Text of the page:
Yes No

CONFIDENTIAL CLIENT INFORMATION

9. A regulatory agency has asked a member to supply confidential client information in connection with an investigation of the client. …

The rest of this article is only available to active members of Questia

Sign up now for a free, 1-day trial and receive full access to:

  • Questia's entire collection
  • Automatic bibliography creation
  • More helpful research tools like notes, citations, and highlights
  • Ad-free environment

Already a member? Log in now.

Notes for this article

Add a new note
If you are trying to select text to create highlights or citations, remember that you must now click or tap on the first word, and then click or tap on the last word.
One moment ...
Default project is now your active project.
Project items

Items saved from this article

This article has been saved
Highlights (0)
Some of your highlights are legacy items.

Highlights saved before July 30, 2012 will not be displayed on their respective source pages.

You can easily re-create the highlights by opening the book page or article, selecting the text, and clicking “Highlight.”

Citations (0)
Some of your citations are legacy items.

Any citation created before July 30, 2012 will labeled as a “Cited page.” New citations will be saved as cited passages, pages or articles.

We also added the ability to view new citations from your projects or the book or article where you created them.

Notes (0)
Bookmarks (0)

You have no saved items from this article

Project items include:
  • Saved book/article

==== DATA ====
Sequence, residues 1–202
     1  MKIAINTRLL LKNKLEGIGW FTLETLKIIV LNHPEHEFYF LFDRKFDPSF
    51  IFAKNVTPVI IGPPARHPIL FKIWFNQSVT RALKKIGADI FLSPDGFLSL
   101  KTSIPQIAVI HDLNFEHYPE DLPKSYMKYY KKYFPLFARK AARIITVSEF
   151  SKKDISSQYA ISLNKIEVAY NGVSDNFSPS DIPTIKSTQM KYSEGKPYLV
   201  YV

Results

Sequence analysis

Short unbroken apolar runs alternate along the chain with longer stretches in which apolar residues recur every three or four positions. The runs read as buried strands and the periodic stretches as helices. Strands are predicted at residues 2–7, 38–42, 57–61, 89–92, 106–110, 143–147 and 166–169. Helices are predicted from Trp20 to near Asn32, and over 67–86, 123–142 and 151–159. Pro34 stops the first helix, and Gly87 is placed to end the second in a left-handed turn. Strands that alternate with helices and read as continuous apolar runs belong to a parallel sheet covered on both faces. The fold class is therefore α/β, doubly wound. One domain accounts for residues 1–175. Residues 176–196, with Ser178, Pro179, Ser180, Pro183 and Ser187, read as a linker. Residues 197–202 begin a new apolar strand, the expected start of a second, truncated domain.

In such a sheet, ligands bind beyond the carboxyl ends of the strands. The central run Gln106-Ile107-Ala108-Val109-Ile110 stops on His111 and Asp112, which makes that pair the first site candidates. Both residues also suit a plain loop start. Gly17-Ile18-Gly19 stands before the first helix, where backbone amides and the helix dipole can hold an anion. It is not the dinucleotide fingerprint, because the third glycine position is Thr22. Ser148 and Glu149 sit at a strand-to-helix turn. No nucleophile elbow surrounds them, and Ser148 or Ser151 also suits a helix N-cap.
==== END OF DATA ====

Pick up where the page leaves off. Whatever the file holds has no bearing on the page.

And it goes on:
• Highlights
  • Quotes/citations
  • Notes
  • Bookmarks
Notes
Cite this article

Cited article

Style
Citations are available only to our active members.
Sign up now to cite pages or passages in MLA, APA and Chicago citation styles.

(Einhorn, 1992, p. 25)

(Einhorn 25)

1

1. Lois J. Einhorn, Abraham Lincoln, the Orator: Penetrating the Lincoln Legend (Westport, CT: Greenwood Press, 1992), 25, http://www.questia.com/read/27419298.

Cited article

Test Your Knowledge of Professional Ethics
Settings

Settings

Typeface
Text size Smaller Larger Reset View mode
Search within

Search within this article

Look up

Look up a word

  • Dictionary
  • Thesaurus
Please submit a word or phrase above.
Print this page

Print this page

Why can't I print more than one page at a time?

Full screen

matching results for page

Cited passage

Style
Citations are available only to our active members.
Sign up now to cite pages or passages in MLA, APA and Chicago citation styles.

"Portraying himself as an honest, ordinary person helped Lincoln identify with his audiences." (Einhorn, 1992, p. 25).

"Portraying himself as an honest, ordinary person helped Lincoln identify with his audiences." (Einhorn 25)

"Portraying himself as an honest, ordinary person helped Lincoln identify with his audiences."1

1. Lois J. Einhorn, Abraham Lincoln, the Orator: Penetrating the Lincoln Legend (Westport, CT: Greenwood Press, 1992), 25, http://www.questia.com/read/27419298.

Cited passage

Thanks for trying Questia!

Please continue trying out our research tools, but please note, full functionality is available only to our active members.

Your work will be lost once you leave this Web page.

For full access in an ad-free environment, sign up now for a FREE, 1-day trial.

Already a member? Log in now.